A few days ago, Kristen Stewart (not that one), a manager at the University Club reception hall in Moline, Illinois, turned away a potential customer because she didn’t approve of her sexual orientation.
It was the same story we’re used to by this point: The owner or employee begins to tell the customer about the facility over the phone, finds out that the customer’s partner is of the same gender, and then flatly denies service to them.
Taylor Shumaker says she called the University Club on Tuesday, June 19, 2012 to inquire about the place. She says bar manager Kristen Stewart offered to give Shumaker a tour and asked if her fiance would be coming.
“And she asked if ‘he’ would be coming and I just said, ‘No, it’s not actually a ‘he’, it’s a ‘she.’ And she said, ‘Excuse me?’” recounted Shumaker.
“I said, ‘It’s a woman,’ and she said, ‘Oh, we don’t rent to homosexual couples’”
When interviewed by the local news, Stewart was unapologetic:
I am a biblical Christian and I do not believe in homosexual marriage, that’s correct. And because marriage is a covenant that God created for man and woman, as a biblical Christian, I cannot help them into or celebrate that sin.
Stewart’s husband Perry (whose family apparently doesn’t hold the same views as his wife) is the president of the University Club and he issued a statement saying that his wife “mis-spoke,” adding that he was very sorry this happened.
I have attended a wedding reception at the University Club in the past. It’s a lovely place. It is also a “public accommodation.” Contrary to what the name might suggest, it is not a private club, so it is therefore subject to non-discrimination laws like the Illinois Human Rights Act. Because the business is open to the public, and because the law specifically prohibits refusal of service on the basis of sexual orientation, Kristen Stewart’s actions were probably illegal.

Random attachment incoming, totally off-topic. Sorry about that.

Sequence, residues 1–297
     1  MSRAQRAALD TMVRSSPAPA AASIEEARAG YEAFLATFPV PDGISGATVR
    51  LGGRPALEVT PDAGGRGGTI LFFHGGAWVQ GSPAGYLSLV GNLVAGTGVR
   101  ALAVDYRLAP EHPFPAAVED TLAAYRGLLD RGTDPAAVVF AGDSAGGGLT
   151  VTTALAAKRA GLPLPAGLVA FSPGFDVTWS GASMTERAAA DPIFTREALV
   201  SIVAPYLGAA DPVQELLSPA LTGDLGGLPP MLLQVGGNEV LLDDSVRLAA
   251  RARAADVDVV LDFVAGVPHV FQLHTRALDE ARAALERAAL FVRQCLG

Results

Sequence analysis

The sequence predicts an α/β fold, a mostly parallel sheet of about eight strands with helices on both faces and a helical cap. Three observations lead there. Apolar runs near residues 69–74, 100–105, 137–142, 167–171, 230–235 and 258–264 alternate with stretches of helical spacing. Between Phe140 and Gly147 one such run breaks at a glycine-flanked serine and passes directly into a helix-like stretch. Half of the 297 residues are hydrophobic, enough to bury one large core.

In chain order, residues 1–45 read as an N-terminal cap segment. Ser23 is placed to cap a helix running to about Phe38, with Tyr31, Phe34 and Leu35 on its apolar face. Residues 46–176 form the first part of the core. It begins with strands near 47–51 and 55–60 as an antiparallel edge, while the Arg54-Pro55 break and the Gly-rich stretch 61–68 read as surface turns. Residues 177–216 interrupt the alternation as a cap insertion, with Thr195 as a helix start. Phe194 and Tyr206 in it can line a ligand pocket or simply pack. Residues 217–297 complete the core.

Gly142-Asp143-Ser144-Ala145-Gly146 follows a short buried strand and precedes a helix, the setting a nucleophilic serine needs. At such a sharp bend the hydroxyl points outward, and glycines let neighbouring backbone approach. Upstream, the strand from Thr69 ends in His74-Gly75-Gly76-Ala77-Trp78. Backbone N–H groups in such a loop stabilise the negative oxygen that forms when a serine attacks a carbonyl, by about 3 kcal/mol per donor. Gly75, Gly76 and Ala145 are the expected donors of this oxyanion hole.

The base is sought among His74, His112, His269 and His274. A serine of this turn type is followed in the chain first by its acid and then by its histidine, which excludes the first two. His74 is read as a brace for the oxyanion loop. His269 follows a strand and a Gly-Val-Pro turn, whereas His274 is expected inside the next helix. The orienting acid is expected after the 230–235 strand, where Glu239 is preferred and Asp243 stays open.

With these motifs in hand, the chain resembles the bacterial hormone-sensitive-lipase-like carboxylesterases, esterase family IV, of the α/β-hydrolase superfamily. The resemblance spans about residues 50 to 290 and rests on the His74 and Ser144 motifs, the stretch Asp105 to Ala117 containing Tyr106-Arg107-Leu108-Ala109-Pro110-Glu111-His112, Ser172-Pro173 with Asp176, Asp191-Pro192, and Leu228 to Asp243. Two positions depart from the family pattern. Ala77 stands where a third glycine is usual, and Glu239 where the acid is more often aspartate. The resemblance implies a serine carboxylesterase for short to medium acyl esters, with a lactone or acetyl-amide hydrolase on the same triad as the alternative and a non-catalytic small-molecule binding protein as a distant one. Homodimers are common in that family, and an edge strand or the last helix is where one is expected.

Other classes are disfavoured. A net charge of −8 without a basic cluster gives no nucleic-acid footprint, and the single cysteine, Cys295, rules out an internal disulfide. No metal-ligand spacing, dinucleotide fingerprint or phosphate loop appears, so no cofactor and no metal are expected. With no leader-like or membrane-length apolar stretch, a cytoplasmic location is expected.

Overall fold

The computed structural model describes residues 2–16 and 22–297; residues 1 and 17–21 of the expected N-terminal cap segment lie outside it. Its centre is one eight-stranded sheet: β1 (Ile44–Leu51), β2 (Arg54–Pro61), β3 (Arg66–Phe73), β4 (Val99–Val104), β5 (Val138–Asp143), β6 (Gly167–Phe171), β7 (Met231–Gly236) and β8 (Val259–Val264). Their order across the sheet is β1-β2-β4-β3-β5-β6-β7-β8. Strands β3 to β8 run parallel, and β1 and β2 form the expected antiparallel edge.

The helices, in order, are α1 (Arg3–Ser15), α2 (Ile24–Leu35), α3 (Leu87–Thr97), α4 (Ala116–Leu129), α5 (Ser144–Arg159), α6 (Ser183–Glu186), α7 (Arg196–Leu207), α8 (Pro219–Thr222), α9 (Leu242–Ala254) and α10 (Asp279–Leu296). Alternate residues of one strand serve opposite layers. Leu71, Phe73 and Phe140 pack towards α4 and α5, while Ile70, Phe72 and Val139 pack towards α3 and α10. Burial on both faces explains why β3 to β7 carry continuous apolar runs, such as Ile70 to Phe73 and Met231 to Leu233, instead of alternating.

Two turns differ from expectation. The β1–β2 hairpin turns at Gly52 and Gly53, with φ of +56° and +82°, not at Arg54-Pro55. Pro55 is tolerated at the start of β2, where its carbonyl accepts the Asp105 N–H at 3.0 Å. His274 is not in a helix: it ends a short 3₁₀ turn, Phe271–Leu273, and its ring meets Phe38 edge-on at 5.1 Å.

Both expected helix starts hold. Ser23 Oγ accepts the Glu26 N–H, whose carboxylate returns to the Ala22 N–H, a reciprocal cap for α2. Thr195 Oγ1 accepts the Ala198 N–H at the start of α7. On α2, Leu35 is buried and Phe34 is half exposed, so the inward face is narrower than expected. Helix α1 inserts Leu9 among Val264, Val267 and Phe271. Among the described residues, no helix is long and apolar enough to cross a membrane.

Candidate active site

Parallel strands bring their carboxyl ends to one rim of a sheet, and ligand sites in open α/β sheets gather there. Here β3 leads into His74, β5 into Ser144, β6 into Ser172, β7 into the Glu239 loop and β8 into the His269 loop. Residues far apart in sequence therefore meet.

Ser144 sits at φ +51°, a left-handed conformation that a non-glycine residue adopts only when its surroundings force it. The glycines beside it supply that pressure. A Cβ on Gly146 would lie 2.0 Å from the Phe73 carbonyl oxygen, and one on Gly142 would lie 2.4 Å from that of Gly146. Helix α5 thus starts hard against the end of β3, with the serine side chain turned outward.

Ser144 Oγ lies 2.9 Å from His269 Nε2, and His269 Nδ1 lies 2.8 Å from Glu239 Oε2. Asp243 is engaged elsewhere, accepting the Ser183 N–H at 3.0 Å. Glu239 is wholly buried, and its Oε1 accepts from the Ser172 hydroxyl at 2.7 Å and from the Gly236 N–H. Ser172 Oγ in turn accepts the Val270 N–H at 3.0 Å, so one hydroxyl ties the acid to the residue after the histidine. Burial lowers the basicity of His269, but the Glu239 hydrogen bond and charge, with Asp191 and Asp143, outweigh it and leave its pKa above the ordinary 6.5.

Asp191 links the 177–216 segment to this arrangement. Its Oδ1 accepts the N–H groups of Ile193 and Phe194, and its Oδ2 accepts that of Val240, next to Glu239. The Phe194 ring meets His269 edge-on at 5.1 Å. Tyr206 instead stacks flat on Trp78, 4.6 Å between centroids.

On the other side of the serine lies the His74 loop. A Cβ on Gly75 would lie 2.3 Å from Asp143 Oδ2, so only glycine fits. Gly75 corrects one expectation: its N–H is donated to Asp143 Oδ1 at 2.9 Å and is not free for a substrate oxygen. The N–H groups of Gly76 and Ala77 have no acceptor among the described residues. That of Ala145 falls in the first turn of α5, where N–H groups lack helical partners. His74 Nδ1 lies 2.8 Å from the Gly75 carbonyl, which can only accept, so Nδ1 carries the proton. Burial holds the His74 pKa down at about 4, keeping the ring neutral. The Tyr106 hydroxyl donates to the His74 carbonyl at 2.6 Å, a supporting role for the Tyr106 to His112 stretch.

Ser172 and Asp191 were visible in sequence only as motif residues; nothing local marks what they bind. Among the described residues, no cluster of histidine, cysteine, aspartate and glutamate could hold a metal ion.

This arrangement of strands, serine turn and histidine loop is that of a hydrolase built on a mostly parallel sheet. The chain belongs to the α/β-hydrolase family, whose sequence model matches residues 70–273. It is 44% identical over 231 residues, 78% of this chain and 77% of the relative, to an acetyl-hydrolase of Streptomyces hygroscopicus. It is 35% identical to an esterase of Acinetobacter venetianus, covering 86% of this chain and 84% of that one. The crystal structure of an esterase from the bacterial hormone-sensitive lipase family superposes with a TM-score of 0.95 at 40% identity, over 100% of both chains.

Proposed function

One report even says Perry Stewart will make a donation to a gay and lesbian organization as a way to make amends.
It doesn’t look like Taylor Shumaker intends to sue, but she would probably be successful if she did. Several other establishments have offered the use of their facilities for free. Great PR move on their part, I think.
There has been a lot of debate about whether this sort of thing violates an owner’s free exercise of religion… mostly from people who don’t understand that free exercise is not an absolute right. If they want to ban gay people, they must not hold their doors open to the public. It’s as simple as that.
These rules come from our priorities as a society. I personally think that it’s far preferable to punish discrimination with punitive damages than to protect religious exercise in a person’s business practices. No one is saying Kristen Stewart can’t go to church, or donate to an anti-gay organization, or patronize Chik-Fil-A, but discrimination against people in a protected class is just not a protected right. And that’s good.
***Update***: According to an email statement put out by the University Club, Kristen Stewart has resigned:
In the statement, Mr. Stewart said he first wanted to express the University Club’s “deepest apologies” to Taylor Shumaker of Davenport, the woman who had inquired about renting the venue.
The apology also was extended to “the entire community, for all the deep hurt that was caused by Kristen’s mistake by expressing her own personal beliefs while representing the University Club.
“The University Club has and always will have an open door policy in which all are welcome.”